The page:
Halfway around the world, royalist group Monarchy New Zealand said it had organized a national light show, with 40 buildings across the islands lit up in blue to commemorate the royal birth, including Sky Tower in Auckland, the airport in Christchurch, and Larnach Castle in the South Island city of Dunedin.
A similar lighting ceremony took place in Canada; Peace Tower and Parliament buildings in the capital, Ottawa, were bathed in blue light, as was CN Tower in Toronto.
The baby is just a day old — and may not be named for days or even weeks — but he already has a building dedicated to him.
Australian Prime Minister Kevin Rudd said an enclosure at Sydney's Taronga Park Zoo would be named after the prince as part of a gift from Australia. The government would donate 10,000 Australian dollars ($9,300) on the young prince's behalf toward a research project at the zoo to save the endangered bilby, a rabbit-like marsupial whose numbers are dwindling in the wild.
British media joined in the celebration, with many newspapers printing souvenir editions.
"It's a Boy!" was splashed across many front pages, while Britain's top-selling The Sun newspaper temporarily changed its name to "The Son" in honor of the tiny monarch-in-waiting.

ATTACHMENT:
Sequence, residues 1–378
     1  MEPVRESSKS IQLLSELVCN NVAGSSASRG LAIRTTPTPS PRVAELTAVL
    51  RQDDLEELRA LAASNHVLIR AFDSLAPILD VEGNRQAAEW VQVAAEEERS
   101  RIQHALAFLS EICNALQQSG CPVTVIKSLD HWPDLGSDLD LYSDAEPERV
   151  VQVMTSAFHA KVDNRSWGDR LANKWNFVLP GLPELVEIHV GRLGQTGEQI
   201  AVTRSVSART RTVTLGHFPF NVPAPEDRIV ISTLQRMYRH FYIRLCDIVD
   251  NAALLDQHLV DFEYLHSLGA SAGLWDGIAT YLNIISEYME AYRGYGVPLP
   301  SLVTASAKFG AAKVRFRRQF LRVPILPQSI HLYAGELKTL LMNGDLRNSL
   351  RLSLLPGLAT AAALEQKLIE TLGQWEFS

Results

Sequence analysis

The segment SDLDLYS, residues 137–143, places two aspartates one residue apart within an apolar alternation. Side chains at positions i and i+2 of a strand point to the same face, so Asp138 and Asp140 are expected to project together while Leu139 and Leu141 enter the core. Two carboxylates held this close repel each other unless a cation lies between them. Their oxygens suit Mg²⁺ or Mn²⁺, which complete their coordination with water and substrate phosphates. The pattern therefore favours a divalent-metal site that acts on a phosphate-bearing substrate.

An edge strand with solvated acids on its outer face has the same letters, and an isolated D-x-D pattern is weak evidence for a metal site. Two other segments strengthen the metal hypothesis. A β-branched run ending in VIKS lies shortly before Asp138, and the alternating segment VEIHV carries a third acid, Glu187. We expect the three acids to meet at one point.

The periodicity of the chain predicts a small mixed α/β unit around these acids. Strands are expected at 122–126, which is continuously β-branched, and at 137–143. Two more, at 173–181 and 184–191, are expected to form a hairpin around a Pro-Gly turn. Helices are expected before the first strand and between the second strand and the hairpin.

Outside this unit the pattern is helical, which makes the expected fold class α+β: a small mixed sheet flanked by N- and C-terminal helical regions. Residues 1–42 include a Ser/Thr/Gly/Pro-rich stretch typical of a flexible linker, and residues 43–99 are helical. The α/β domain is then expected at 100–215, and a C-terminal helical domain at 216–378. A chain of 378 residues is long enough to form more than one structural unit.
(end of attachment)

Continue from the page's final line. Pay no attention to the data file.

The birth is the latest driver of a surge in popularity for Britain's monarchy, whose members have evolved, over several decades of social and technological change, from distant figures to characters in a well-loved national soap opera.
"I think this baby is hugely significant for the future of the monarchy," said Kate's biographer, Claudia Joseph.
For some, though, it was all a bit much.
"It's a baby, nothing else," said Tom Ashton, a 42-year-old exterminator on his way to work. "It's not going to mean anything to my life."
Associated Press writers Gregory Katz, Paisley Dodds, Maria Cheng and James Brooks in London, Rod McGuirk in Canberra, Australia, and Kristen Gelineau in Sydney, Australia, contributed to this report.
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